That gulf in pay comes close to the 59 per cent gap revealed on Thursday by HSBC — the biggest yet reported by a British financial firm according to government data.
Thousands of large UK employers have been ordered to disclose their gender pay gaps by April, almost 50 years on from the passage of Britain’s equal pay act.
Goldman Sachs said its gap reflected the fact that there were more men than women in senior positions at the firm.
It also reported a mean gender pay gap of 16.1 per cent and a mean bonus gap of 32.5 per cent in Goldman Sachs (UK), which it said employs around 1,600 individuals from non-revenue divisions.
The bank employs 6,000 people in London. The remainder of its UK employees work in its international business.
Other large banks have also been disclosing their gender pay gaps ahead of the April deadline set last year by Prime Minister Theresa May.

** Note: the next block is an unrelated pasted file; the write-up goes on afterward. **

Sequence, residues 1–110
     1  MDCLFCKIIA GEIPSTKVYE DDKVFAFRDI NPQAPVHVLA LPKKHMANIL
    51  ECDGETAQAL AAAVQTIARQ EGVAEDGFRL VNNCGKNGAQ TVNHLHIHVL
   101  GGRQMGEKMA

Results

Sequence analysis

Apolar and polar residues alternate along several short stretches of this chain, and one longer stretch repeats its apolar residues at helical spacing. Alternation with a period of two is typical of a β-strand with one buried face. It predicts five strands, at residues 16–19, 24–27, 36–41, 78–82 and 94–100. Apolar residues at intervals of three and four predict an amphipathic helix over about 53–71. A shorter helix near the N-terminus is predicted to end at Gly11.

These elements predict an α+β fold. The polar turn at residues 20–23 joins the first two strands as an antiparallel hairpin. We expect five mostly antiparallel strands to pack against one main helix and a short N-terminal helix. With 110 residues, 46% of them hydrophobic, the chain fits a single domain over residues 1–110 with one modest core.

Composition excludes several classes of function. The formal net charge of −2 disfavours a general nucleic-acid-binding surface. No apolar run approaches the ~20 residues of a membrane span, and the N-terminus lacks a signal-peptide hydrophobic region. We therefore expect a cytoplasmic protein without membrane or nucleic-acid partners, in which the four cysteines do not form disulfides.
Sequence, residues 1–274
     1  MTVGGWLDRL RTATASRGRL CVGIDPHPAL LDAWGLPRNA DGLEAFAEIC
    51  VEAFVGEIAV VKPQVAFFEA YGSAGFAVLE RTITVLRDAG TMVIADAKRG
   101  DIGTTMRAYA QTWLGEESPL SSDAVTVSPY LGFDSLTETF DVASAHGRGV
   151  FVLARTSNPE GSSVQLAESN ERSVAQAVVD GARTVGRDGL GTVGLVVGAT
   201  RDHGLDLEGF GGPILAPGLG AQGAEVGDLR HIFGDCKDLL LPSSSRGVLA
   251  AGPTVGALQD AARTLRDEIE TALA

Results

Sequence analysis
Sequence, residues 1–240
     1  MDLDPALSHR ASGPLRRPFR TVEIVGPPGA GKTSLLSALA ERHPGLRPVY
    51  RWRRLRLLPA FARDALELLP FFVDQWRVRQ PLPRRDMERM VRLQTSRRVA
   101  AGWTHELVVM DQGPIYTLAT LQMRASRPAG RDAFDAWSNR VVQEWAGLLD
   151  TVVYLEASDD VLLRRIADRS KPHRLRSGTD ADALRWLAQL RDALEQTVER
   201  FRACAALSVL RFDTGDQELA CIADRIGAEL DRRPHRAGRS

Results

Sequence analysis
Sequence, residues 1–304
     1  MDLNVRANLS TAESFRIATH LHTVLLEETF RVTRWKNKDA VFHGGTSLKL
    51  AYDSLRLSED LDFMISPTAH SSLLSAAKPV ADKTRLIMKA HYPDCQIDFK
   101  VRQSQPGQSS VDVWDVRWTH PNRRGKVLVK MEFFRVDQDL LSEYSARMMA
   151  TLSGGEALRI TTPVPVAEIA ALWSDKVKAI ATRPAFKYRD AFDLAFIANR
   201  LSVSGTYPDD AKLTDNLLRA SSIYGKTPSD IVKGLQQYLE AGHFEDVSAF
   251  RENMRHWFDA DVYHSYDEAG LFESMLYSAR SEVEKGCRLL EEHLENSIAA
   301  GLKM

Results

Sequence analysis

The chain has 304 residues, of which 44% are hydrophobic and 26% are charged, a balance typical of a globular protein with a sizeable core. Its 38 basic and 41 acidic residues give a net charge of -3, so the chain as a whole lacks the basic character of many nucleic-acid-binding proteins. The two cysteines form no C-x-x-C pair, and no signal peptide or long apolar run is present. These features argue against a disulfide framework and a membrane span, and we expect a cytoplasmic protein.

The continued gulf in earnings between men and women has attracted significant public attention over the past year or so.
The gender pay gap measures the difference between the average salary of men and women, calculated on an hourly basis.
In Goldman Sachs’ international business, 83 per cent of the group earning the highest hourly pay were men, the bank said, while 62.4 per cent of those on the lowest hourly pay were women.
This compared with 77.4 per cent men in the highest paid group in Goldman Sachs (UK), and 48.9 per cent women in the lowest paid group.
The Wall Street bank said it is committed to promoting diversity and inclusion at all levels of the firm.